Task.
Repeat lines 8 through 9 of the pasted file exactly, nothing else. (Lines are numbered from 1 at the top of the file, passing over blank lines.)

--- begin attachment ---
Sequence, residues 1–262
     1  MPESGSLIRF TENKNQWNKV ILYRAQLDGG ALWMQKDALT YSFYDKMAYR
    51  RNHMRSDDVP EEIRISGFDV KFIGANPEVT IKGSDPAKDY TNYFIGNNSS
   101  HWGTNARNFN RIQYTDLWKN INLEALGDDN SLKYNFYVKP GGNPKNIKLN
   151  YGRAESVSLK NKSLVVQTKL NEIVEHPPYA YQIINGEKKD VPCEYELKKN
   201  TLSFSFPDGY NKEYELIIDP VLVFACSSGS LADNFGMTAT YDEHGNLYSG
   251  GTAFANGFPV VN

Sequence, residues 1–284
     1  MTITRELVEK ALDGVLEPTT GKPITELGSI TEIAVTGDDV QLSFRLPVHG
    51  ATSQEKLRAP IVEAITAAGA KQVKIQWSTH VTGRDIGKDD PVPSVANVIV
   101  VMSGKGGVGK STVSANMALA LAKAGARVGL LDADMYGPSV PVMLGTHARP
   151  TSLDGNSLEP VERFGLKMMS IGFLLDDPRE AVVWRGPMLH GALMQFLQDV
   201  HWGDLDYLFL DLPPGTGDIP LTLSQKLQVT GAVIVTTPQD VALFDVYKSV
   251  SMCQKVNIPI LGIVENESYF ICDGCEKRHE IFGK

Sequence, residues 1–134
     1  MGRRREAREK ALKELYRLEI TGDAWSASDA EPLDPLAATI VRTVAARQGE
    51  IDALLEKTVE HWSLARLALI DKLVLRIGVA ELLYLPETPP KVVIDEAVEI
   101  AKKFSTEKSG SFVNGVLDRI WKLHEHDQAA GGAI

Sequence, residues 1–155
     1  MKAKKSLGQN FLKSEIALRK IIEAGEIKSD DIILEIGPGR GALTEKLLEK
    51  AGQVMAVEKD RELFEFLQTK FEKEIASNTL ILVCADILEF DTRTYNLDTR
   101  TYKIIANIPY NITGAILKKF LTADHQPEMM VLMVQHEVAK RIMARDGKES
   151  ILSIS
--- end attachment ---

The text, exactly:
Sequence, residues 1–284
     1  MTITRELVEK ALDGVLEPTT GKPITELGSI TEIAVTGDDV QLSFRLPVHG